South Korea has pressed the mute button on its anti-Pyongyang propaganda broadcasts at the border with North Korea for the first time in two years.
It comes just days before the leaders of both countries are to meet for talks expected to focus on the North's nuclear programme, Seoul officials said.
For years the two sides have used loudspeakers at the border to blast propaganda at each other across the 4km-wide demilitarised zone that separates the two countries.
The South broadcasts include K-pop hits, while the North favours patriotic songs and praise for its leader Kim Jong Un.
Following a thaw in relations, however, Kim and South Korean President Moon Jae-in are due to meet in the truce village of Panmunjom on Friday for talks.
South Korea has turned off its broadcasts to try to ease military tensions ahead of that.
The move also comes after North Korea said on Friday it would suspend nuclear tests and intercontinental ballistic missile launches ahead of a planned summit with the US.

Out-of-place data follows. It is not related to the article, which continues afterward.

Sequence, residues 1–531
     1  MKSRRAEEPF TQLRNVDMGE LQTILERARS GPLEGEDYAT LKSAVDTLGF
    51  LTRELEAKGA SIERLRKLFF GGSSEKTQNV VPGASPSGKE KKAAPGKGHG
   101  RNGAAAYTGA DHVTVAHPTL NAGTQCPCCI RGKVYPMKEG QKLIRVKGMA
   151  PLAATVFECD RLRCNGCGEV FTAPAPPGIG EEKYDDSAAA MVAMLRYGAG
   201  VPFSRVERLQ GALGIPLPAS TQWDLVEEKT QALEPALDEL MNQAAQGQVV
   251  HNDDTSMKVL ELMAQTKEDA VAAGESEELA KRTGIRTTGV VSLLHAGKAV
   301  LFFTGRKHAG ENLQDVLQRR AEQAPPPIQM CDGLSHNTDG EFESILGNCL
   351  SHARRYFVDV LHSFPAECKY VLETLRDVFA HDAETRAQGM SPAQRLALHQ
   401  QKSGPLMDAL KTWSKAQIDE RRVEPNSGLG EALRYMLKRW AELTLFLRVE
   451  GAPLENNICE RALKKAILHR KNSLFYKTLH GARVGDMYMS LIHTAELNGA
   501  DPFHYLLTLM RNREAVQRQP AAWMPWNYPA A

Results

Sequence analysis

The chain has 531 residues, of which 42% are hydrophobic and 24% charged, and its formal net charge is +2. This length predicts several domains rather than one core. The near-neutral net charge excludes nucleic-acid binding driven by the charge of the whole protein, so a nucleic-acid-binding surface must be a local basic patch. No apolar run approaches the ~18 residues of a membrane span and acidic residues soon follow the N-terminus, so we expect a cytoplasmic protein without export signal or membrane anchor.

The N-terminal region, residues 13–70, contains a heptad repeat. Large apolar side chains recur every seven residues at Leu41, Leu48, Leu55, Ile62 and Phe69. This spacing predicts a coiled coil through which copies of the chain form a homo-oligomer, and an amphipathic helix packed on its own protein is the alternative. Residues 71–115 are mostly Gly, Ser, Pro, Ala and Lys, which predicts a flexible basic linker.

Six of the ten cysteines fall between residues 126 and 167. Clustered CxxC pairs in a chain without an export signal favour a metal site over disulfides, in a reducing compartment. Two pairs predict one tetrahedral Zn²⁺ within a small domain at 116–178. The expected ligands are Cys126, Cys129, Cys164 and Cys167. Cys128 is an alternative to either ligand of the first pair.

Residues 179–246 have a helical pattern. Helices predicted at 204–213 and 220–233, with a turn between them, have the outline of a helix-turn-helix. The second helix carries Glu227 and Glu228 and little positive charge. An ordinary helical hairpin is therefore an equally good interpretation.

A place and date have yet to be set for that, but US President Donald Trump's pick to be the next US secretary of state, CIA director Mike Pompeo, travelled to North Korea on Easter weekend to lay the groundwork for the meeting.
Mr Trump has claimed in a tweet that Pyongyang agreed to "denuclearisation" ahead of this potential meeting.
In fact, the North has stopped short of saying it has any intention of abandoning its nuclear arsenal, with Kim making clear that nukes remain a "treasured sword".
North Korea has for decades pushed a concept of "denuclearisation" that bears little resemblance to the American definition.
It has vowed to pursue nuclear development unless Washington removes its troops from the Korean Peninsula and the nuclear umbrella defending South Korea and Japan.
This time South Korea’s President Moon has said Mr Kim is not asking for the withdrawal of US troops from the Korean Peninsula as a condition for abandoning his nuclear weapons.
If true, that would seem to remove a major sticking point to a potential disarmament deal.